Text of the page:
NEW YORK ( TheStreet) -- What's happening in small business today? 1. Amazon gets into commercial lending. Amazon ( AMZN) is selectively offering loans to merchants that sell on its website through its one-year-old venture, Amazon Lending. The company is looking to help sellers obtain cash quickly when they're rejected by a bank or other lender through its subsidiary, Amazon Capital Services, according to The Wall Street Journal. Merchants who spoke with the Journal say they were offered loans ranging from $1,000 to $38,000. Interest rates ranged from less than 1% (for one merchant) to 13.9% compared to small-business credit card rates between 13% and 19%. The merchants also considered themselves "heavy sellers" of goods through Amazon, according to the article. The company is considering offering the lending platform to third-party sellers based outside the U.S. as well, the article says. Other sellers through Amazon question the company's motives for the lending option. Some don't want to give the online retailer even more control over their goods than they already have. Others don't want to be restricted in selling elsewhere if they got a loan through Amazon. Of course, Amazon stands to benefit from these loans. It collects between 6% and 15% commission on many sales made through its website. If the lending program helps sellers bring in more sales, that means more commission revenue in addition to the loan interest, the article points out. 2. Big bank lending increases in September. According to the latest Biz2Credit Small Business Lending Index, last month large banks (those with more than $10 billion in assets) approved 14.2% of funding requests by small companies, a 30% jump from the prior month. The figure represents the highest approval rating percentage for big banks since Biz2Credit began the index in 2011. The index compiles a monthly analysis of 1,000 loan applications on Biz2Credit.com "Lenders including Citibank, Sovereign and Citizens Bank are jumping head-first back into small-business lending. The economy seems to be improving slowly, and the improvement has been a factor in their willingness to lend to small businesses," according to a statement by Rohit Arora, Biz2Credit co-founder and CEO, who oversaw the research. "This is a good sign for the economy. Combined with surprisingly good September jobs report, the positive economic news comes just as President Obama tries to recover from his poor debate performance against Mitt Romney."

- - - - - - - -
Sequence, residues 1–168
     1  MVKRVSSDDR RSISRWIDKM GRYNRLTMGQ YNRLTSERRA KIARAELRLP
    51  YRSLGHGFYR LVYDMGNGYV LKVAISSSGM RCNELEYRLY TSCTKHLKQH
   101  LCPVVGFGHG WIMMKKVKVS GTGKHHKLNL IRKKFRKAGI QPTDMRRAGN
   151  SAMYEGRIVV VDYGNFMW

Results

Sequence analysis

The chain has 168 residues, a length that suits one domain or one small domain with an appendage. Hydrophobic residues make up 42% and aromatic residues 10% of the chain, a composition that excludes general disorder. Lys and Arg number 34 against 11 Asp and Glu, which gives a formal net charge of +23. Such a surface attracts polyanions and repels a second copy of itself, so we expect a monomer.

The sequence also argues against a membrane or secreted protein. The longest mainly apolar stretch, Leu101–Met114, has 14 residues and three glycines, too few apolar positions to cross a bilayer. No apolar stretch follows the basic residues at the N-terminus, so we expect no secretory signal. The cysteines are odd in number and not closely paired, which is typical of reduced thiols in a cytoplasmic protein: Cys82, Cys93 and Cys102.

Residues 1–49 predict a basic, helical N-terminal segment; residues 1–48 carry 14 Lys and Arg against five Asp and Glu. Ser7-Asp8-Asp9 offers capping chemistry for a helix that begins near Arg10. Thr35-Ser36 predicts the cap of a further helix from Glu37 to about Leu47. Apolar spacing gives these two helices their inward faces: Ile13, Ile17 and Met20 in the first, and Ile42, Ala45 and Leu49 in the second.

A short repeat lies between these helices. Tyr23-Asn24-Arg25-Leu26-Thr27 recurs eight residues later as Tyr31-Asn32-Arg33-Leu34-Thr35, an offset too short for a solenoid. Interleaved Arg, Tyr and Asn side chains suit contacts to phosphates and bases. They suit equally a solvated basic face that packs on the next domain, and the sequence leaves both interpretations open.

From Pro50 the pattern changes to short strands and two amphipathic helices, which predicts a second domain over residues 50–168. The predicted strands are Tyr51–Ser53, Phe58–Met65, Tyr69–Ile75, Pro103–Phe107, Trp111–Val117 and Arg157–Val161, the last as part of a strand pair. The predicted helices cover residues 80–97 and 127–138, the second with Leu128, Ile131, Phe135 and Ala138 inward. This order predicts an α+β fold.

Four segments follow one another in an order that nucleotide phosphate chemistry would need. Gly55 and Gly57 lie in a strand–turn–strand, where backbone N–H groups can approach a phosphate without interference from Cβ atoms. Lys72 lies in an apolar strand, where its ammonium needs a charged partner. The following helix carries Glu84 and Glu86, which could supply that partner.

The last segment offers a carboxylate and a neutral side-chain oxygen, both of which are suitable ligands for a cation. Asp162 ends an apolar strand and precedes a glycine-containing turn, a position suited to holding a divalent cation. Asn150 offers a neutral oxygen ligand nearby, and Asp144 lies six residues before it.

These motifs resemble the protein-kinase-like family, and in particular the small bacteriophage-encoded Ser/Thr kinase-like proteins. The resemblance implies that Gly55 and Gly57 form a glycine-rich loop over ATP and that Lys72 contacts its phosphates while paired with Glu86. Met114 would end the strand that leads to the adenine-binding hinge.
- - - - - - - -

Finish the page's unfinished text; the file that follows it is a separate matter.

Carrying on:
On the other hand, loan request approvals by small banks dipped to 47.6% from 47.8% in August. The loan approval rate by credit unions dropped for the fourth consecutive month in September to 52.4% from 52.9% in August. The September figure represented the lowest credit union approval rate since June 2011, Biz2Credit says. Approval rates by alternative lenders, which includes accounts receivable financers, merchant cash advance lenders, Community Development Financial Institutions (CDFI), micro lenders and others rose slightly to 64.6%, up from 64.5% in August. "Alternative lenders offer greater flexibility, quicker approvals, and competitive lending rates than they ever have before. This type of financing is very helpful for small and mid-size businesses that encounter short-term cash flow issues," Arora said. "Restaurants and retailers, in particular, find this type of financing attractive as they look to the fourth quarter to be profitable than other parts of the year. Many businesses are seeking short-term working capital to prepare for the upcoming holiday season." Biz2Credit, started by two Indian immigrants in 2007 to focus on the financial needs of Indian and South Asia immigrant business owners, has become very much a mainstream platform. Through the company, roughly $700 million in financing has reached thousands of businesses, including doctors, lawyers, franchise owners, gas station owners, restaurateurs and others. 3. Why Philly will never be a startup hub. Gene Marks, president of Marks Consulting and a Philadelphia resident, makes his case in The Philly Post for why the city will never be a tech startup hub. For the record, it's not because the city isn't trying, but Marks says that the city just doesn't have the personality to cater to the fanatic entrepreneur. "Start-ups that change the world and create billions of dollars of wealth are created by young, hyper, edgy, manic geniuses who stay up all night hacking into computers at the Department of Defense, or developing new drugs to make themselves even more hyper and manic. These people want to flock to a city with the same personality and be around others with the same personality. They find them in New York and San Francisco. And then the money finds them. Philadelphia is not a city like that," he writes. "We are a city where people settle to raise their kids, go to soccer games or catch a movie." -- Written by Laurie Kulikowski in New York. Follow @LKulikowski To contact Laurie Kulikowski, send an email to: Laurie.Kulikowski@thestreet.com. >To submit a news tip, email: email@example.com.
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